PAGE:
Up to Two-Thirds of Homes Destroyed in Marshall Fire May Be Underinsured

According to preliminary estimates from Colorado's insurance division, one-third to two-thirds of the homes destroyed in the Marshall Fire may have been underinsured for replacement costs (DOI).

Source: Alex Zank, Advisen | Published on May 3, 2022

insurers exodus from wildfire regions

"One of the more troubling issues in the aftermath of the Marshall Fire has been the problem of underinsurance for people who lost their homes," the Department of Insurance (DOI) said in a recent statement. The Marshall Fire, which burned from late 2021 to early this year, is said to be the state's most destructive fire.

So far, the DOI data has captured 951 total losses and $1.02 billion in claims. The level of underinsurance was calculated by DOI officials using three different cost estimates. 36 percent of policies were underinsured at a rebuild cost of $250 per square foot. This figure increased to 55% at $300 per square foot and 67 percent at $350 per square foot.

The average amount of underinsurance per policy was estimated to be nearly $99,000 at $250 per square foot to rebuild; nearly $165,000 at $300 per square foot to rebuild; and roughly $243,000 at $350 per square foot to rebuild. The total estimated underinsurance amounts for each tier were $34 million, $86 million, and $155 million, respectively.

"Before diving into solutions to address underinsurance, we needed to determine the potential size and scope of the problem," said Colorado Insurance Commissioner Michael Conway. "This is our preliminary analysis, but we will continue to analyze claims data as it is received from insurance companies." The challenge now and in the future, however, will be determining reliable rebuilding costs."

Boulder County, on the other hand, has reported 1,084 total losses from the fire. For those figures, the DOI provided similar estimates. Underinsurance is estimated to be $39 million at $250 per square foot, $100 million at $300 per square foot, and $179 million at $350 per square foot.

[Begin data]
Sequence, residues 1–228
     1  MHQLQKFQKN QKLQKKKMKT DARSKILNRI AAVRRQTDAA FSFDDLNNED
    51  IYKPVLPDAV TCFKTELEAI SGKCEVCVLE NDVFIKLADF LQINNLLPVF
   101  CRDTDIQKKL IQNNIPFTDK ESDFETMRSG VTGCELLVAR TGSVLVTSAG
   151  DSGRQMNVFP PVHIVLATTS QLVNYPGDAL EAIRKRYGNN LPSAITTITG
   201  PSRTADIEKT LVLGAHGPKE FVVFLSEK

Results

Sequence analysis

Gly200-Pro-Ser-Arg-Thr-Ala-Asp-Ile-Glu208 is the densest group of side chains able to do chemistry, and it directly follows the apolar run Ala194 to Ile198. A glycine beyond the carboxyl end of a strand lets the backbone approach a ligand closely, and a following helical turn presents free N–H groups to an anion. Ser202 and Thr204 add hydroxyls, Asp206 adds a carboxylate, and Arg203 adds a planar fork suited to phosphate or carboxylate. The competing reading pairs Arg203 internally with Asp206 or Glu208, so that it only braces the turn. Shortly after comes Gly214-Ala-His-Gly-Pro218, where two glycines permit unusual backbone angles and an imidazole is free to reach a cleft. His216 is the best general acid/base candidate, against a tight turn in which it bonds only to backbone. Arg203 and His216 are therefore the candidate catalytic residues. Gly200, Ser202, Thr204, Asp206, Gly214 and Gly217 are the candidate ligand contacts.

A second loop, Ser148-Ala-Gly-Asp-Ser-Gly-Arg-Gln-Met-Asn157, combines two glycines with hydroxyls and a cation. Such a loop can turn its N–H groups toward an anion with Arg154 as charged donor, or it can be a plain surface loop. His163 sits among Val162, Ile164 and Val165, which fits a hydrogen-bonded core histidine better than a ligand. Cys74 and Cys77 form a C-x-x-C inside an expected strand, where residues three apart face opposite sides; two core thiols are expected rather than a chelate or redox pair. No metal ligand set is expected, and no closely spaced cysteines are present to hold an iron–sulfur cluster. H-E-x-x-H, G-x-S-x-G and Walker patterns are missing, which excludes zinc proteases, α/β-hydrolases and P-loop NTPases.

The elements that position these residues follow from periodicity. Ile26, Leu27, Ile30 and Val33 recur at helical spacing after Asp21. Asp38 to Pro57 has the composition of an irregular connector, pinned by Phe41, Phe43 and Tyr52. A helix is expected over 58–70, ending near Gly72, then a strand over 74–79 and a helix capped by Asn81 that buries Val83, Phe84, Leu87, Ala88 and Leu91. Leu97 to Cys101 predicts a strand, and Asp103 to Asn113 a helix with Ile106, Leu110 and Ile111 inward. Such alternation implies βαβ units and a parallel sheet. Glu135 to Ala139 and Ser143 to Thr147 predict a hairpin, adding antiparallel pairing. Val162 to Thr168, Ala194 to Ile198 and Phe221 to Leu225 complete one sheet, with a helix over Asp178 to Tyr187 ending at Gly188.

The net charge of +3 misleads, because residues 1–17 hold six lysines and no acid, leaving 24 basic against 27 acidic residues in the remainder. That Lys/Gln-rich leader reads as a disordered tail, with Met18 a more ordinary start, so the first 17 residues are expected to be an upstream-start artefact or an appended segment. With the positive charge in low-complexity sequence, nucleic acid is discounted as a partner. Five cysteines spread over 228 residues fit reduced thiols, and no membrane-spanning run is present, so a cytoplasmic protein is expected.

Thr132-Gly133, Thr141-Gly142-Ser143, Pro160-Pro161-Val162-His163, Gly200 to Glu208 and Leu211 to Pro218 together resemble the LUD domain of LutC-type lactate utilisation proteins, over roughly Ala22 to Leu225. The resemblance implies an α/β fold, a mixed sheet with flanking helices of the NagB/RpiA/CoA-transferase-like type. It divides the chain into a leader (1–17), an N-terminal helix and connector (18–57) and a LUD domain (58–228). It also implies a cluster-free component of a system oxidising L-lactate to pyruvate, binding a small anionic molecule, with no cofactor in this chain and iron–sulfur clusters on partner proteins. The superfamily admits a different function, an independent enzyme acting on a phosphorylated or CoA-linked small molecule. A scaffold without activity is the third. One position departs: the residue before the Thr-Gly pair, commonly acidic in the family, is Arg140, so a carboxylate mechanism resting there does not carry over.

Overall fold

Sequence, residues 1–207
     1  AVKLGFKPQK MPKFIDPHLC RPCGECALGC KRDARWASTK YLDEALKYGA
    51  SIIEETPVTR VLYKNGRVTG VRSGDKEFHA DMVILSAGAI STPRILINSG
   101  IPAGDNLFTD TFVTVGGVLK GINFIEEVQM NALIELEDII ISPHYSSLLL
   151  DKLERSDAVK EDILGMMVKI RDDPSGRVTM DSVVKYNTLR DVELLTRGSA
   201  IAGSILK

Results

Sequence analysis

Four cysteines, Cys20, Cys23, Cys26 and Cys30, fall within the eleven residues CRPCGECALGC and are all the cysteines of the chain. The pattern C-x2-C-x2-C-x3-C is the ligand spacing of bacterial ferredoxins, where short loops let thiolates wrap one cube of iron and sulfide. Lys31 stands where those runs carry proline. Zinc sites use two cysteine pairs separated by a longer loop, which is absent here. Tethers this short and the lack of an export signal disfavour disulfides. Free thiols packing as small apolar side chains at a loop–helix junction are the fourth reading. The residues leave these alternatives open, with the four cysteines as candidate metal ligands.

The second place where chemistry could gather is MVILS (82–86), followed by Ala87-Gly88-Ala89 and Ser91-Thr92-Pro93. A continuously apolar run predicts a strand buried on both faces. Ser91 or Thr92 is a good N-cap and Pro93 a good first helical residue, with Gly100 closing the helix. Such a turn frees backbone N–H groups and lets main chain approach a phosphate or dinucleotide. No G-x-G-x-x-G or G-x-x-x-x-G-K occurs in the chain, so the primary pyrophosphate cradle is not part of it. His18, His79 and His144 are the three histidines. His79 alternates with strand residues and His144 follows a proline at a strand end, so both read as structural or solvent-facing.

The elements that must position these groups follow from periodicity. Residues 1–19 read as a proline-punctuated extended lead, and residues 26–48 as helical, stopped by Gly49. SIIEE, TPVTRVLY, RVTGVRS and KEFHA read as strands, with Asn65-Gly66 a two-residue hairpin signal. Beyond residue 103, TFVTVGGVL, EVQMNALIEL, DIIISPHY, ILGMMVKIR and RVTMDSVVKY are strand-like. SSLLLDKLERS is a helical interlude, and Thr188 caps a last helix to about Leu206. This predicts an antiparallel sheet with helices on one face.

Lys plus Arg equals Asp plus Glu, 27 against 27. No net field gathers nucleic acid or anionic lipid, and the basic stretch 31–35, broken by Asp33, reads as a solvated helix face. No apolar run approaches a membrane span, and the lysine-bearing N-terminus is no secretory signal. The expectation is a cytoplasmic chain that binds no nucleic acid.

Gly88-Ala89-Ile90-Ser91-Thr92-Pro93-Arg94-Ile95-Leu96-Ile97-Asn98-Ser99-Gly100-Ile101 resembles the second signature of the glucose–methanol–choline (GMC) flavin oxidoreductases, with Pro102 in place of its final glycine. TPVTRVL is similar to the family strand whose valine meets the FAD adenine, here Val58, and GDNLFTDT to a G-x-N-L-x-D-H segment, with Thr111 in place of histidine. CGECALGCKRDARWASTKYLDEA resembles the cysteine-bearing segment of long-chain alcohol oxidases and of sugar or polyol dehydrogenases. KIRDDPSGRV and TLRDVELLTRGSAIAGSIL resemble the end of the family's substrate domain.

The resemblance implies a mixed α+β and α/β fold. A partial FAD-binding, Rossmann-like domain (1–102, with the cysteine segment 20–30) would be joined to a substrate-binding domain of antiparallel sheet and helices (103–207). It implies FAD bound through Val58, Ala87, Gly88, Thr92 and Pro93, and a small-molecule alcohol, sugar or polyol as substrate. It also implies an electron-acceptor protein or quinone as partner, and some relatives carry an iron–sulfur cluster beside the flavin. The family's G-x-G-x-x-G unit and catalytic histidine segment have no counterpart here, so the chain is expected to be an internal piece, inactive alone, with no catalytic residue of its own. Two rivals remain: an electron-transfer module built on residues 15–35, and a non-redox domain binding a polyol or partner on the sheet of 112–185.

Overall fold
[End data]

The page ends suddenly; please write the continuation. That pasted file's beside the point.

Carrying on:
As of the end of March, the US Small Business Administration had approved $91.2 million in loans to impacted homeowners. According to the DOI, a large portion of that money will most likely be used to bridge the gap between insurance and rebuilding costs.

Claims data from the Marshall Fire were provided by 27 insurance groups representing 61 homeowners' insurance companies. According to the release, the 61 companies account for 97 percent of all companies selling homeowners' insurance in Colorado. Insurance companies submit this data to the DOI on a monthly basis, and the division anticipates that the data will change with future submissions.

The data excludes rental properties covered by commercial policies as well as high-end homes covered by surplus lines. This most likely explains the disparity in total-loss claims between the DOI and Boulder County.

The majority (83 percent) of total loss homes had policies with extended benefits coverage, which meant they had some additional coverage if rebuilding costs exceeded policy limits. Another 9% of homes had policies that did not include extended coverage, and 8% had guaranteed replacement coverage, which means that the insurance policies cover replacements without a cap.